2011 review of zirconium
Mining Engineering, 2012, Vol. 64, No. 7, pp. 57-57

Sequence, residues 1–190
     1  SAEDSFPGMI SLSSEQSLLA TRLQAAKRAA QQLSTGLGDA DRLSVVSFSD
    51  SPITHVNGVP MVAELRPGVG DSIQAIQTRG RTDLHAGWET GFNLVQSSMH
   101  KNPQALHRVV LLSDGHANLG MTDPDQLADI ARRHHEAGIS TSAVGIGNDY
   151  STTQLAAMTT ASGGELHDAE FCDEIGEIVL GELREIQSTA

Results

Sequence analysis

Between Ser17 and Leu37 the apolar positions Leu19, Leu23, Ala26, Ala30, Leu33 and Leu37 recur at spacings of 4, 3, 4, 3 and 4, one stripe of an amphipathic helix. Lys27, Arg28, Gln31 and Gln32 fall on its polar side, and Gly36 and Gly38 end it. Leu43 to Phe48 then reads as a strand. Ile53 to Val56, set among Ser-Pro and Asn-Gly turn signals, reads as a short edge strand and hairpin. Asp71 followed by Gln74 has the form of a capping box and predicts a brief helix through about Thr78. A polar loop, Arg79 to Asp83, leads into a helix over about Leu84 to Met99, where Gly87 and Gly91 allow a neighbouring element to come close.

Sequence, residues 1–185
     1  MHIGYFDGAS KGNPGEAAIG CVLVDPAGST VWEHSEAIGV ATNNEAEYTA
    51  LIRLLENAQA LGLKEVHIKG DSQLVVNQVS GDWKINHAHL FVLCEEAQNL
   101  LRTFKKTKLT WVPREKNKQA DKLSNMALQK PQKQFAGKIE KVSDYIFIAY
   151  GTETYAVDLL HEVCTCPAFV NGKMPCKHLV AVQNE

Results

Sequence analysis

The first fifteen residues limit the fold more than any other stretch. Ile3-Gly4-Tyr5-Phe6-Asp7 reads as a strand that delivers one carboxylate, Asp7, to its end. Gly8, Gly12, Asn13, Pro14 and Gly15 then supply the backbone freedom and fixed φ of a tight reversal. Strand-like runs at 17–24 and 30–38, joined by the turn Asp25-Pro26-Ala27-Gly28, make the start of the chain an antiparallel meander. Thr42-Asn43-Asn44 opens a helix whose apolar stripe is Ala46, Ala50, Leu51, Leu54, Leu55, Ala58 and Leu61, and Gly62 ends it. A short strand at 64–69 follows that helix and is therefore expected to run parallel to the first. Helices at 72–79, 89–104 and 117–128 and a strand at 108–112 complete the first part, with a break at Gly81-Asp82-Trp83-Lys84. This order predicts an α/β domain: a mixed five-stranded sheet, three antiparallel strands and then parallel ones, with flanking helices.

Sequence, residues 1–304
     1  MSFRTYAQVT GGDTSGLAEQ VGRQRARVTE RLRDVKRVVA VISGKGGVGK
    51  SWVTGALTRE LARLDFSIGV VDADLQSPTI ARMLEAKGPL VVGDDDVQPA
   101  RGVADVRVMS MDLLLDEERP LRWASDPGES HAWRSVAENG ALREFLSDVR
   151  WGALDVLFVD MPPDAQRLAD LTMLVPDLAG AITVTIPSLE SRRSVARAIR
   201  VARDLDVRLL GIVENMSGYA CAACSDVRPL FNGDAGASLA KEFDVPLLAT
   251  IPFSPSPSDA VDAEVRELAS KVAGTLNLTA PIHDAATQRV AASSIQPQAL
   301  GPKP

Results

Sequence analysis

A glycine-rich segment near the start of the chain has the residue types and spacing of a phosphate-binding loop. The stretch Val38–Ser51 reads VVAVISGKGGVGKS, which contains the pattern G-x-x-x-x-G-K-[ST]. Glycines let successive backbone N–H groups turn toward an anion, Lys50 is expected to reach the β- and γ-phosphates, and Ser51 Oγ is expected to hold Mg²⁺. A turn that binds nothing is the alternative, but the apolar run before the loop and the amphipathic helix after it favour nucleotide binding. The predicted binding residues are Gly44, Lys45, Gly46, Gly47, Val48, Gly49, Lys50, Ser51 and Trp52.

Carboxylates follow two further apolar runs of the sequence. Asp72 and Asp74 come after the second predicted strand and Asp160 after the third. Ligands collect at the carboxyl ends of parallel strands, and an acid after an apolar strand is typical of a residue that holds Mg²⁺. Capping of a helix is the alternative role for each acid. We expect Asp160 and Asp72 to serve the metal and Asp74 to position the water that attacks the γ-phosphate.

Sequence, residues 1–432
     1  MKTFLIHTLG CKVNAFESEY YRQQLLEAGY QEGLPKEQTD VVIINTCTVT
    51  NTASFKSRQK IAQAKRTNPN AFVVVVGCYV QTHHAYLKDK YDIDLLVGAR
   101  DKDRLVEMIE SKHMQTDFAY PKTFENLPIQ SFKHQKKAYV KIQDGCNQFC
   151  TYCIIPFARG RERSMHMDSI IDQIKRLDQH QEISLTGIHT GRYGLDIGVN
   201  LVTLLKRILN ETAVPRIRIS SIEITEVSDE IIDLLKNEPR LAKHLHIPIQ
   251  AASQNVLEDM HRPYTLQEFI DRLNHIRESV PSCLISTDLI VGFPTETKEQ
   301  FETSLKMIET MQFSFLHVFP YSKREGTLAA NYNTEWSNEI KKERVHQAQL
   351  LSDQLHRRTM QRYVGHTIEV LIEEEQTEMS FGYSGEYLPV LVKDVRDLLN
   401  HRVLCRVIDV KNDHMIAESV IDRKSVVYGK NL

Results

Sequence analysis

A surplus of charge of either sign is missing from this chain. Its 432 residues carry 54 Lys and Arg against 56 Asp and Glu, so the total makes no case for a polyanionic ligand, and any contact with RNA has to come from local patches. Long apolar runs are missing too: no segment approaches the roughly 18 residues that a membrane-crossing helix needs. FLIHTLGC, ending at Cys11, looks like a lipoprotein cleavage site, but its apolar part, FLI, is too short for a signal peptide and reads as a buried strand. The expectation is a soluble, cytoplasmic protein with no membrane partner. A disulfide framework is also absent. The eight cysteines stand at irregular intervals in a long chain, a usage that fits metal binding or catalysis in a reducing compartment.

Zirconium is the 20th most abundant element in the Earth’s crust and it most often occurs in the form of silicate (as zircon), less often in the oxide form (as baddeleyite or caldesite). Historically, the world’s production of zircon was entirely derived from mining and processing beach sands or heavy mineral sands that were being exploited primarily for their titanium content, i.e., to generate TiO2 feedstocks that would be used for making titanium pigments and, to a lesser extent, titanium metal. Zircon was then regarded as a byproduct, with the sharply fluctuating prices typical of a commodity where the supply is essentially involuntary and not truly responsive to market demand.